Saskatchewan crop insurance moves to individual premium program

(Kara Oosterhuis/RealAgriculture)

Crop insurance holders in Saskatchewan will see a change in how premiums are calculated starting this year.

Agriculture and Agri-Food Minister Marie-Claude Bibeau and Saskatchewan Agriculture Minister David Marit announced on Monday that farmers who purchase crop insurance from Saskatchewan Crop Insurance Corporation (SCIC) will see an individual premium calculated for each crop they insure. Premiums are individualized, based on a producer’s personal claim history compared to the area risk zone. This adjustment (which could either be an increase or decrease) from the base premium rate is calculated for each customer, and independently for each crop.

This means a producer’s claim on one crop will not impact their premium for a different crop. Premium discounts and surcharges previously used in the crop insurance program will be discontinued.

“It’s always good to review the program to ensure it continues to serve farmers and remains efficient. It is important for farmers to open their insurance packages, review their information and learn about their coverage options,” says SaskCanola chair Keith Fournier, in the press release shared by both the federal and provincial governments.

Also effective for 2023, SCIC is increasing the maximum dollar coverage levels for unseeded acres. While the minimum coverage remains the same at $50 per acre, additional unseeded acreage coverage levels are increasing to $75, $100, and $125 per acre.

“The increases to unseeded acres coverage stands out as an example of SCIC listening and incorporating the concerns of our members,” notes Ray Orb, president of the Saskatchewan Rural Municipality Association.

In making the announcement, Marit says he wants to acknowledge the drive and resilience Saskatchewan farmers and ranchers continue to show year after year.

“We’ve had some rough years, and while last year was a step forward, there were still very dry areas in the west side of the province — and SCIC responded with quick action on claims. That is why it’s important for producers to evaluate their current risk management options and ensure they have the right coverage for their farm,” he says, in a recent release.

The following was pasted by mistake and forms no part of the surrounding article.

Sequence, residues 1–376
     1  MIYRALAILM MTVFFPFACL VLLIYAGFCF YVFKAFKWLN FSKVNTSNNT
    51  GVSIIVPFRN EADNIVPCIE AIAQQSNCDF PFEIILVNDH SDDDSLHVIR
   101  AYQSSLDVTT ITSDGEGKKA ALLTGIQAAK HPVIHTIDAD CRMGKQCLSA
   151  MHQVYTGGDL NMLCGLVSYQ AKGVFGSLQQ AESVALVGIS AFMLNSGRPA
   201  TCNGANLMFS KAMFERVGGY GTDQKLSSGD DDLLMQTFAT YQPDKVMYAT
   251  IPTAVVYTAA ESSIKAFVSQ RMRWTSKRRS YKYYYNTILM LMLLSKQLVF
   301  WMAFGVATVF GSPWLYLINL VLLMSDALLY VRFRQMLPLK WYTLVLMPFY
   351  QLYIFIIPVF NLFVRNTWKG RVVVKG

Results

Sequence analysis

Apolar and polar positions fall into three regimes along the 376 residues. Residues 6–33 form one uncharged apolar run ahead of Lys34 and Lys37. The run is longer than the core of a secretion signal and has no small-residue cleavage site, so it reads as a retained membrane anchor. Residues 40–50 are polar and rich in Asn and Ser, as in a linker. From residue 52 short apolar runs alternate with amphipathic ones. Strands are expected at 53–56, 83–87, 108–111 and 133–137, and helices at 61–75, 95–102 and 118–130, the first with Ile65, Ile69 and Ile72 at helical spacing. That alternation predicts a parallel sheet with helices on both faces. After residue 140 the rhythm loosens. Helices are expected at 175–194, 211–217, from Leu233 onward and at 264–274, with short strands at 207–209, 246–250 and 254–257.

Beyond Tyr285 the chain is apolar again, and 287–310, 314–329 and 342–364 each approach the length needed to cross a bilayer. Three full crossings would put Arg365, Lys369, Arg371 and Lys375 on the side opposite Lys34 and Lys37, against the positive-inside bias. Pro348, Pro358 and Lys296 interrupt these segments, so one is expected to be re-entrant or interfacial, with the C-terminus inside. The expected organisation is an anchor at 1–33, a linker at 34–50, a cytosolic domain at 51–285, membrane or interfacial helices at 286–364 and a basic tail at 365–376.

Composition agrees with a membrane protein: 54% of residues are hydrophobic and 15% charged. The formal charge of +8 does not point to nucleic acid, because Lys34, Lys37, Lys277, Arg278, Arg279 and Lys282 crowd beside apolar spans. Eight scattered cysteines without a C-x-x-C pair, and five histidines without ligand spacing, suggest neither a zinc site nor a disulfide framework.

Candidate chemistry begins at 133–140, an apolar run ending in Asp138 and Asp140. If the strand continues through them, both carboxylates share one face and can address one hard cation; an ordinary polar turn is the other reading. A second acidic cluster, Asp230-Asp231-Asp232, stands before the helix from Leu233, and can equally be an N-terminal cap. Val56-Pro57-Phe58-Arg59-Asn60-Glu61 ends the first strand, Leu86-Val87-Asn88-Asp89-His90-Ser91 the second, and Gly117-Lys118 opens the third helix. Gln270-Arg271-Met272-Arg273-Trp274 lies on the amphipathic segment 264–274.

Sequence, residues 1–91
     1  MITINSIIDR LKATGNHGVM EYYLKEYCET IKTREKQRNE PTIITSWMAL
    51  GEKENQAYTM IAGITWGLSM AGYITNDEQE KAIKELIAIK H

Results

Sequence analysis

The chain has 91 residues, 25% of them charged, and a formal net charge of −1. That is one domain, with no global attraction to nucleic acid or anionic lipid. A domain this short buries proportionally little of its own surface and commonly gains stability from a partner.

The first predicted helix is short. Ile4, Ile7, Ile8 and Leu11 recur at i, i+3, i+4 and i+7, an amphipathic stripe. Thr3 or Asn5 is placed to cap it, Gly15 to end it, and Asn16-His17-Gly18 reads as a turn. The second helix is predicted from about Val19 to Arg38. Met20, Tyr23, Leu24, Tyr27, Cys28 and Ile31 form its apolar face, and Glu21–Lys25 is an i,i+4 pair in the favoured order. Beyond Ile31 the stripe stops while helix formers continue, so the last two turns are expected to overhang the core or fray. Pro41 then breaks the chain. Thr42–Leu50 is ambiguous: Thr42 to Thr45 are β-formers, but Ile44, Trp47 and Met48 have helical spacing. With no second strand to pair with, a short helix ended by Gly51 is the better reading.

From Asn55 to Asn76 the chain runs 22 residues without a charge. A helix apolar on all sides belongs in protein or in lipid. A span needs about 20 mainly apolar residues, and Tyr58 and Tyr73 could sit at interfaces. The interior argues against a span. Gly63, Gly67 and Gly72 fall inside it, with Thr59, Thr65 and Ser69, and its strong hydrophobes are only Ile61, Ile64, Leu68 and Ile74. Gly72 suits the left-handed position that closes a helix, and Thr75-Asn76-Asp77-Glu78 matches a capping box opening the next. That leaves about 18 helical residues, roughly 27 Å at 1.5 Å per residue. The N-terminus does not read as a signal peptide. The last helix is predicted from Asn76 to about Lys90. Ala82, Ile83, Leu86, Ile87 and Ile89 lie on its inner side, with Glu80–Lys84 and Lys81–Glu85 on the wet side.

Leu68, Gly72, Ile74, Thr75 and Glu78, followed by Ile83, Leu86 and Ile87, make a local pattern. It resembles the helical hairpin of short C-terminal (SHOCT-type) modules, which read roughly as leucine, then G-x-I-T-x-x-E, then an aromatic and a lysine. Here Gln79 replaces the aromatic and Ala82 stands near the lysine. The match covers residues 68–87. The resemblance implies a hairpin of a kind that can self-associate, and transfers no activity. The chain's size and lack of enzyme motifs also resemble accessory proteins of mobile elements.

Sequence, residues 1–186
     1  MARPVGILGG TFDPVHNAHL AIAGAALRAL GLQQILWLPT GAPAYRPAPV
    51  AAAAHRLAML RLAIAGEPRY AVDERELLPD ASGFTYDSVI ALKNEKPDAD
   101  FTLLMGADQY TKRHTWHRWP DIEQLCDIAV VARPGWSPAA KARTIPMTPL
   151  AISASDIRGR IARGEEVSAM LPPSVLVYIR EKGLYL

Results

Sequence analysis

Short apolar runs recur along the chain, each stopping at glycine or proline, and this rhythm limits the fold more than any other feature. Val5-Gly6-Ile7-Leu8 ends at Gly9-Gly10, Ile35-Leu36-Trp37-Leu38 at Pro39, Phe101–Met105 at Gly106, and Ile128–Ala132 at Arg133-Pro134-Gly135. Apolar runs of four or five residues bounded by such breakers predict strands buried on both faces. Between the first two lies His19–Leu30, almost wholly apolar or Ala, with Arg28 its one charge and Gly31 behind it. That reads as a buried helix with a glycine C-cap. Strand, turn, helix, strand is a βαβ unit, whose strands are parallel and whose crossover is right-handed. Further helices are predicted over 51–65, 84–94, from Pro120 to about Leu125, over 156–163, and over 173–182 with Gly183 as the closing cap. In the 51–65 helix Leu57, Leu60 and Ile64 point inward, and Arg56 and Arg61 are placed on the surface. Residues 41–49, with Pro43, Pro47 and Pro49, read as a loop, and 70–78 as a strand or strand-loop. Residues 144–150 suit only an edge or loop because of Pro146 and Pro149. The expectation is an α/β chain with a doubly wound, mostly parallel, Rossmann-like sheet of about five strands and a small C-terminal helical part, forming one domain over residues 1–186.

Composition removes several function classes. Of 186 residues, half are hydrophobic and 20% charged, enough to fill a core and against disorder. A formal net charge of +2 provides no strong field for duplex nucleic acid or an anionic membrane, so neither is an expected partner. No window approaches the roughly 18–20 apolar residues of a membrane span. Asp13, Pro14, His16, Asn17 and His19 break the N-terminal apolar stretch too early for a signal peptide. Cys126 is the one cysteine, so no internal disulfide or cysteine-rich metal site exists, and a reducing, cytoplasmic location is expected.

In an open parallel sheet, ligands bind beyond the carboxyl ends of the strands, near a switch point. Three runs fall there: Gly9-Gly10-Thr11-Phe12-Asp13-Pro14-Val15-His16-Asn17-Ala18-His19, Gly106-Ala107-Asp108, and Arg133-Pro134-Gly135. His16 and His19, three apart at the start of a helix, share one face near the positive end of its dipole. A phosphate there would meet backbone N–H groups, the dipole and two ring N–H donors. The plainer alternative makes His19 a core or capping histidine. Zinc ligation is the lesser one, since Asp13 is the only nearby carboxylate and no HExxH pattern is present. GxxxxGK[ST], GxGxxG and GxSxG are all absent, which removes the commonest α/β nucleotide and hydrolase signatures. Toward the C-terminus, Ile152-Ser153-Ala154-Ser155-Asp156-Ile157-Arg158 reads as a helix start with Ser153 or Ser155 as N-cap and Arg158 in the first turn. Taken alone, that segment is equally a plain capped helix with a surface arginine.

The average coverage for 2023 through SCIC is projected at a record level of $446 per acre, with the average premium rising from $12.05 per acre in 2022 to $14.79 per acre in 2023.

March 31, 2023, is the deadline to apply, reinstate, cancel, or make changes to SCIC contracts. Producers must also select insured crops and coverage levels by this date. If no changes are made, a producer’s coverage will remain the same as last year.

Crop insurance is offered as part of the business risk management suite of programs under the federal-provincial-territorial Canadian Agricultural Partnership. Premiums for most commodities are covered as follows: 40 per cent by participating producers, 36 per cent by the Government of Canada and 24 per cent by the Government of Saskatchewan. Administrative expenses are fully funded by the federal and provincial governments — 60 per cent by Canada and 40 per cent by Saskatchewan.

Wake up with RealAgriculture

Subscribe to our daily newsletters to keep you up-to-date with our latest coverage every morning.

Wake up with RealAgriculture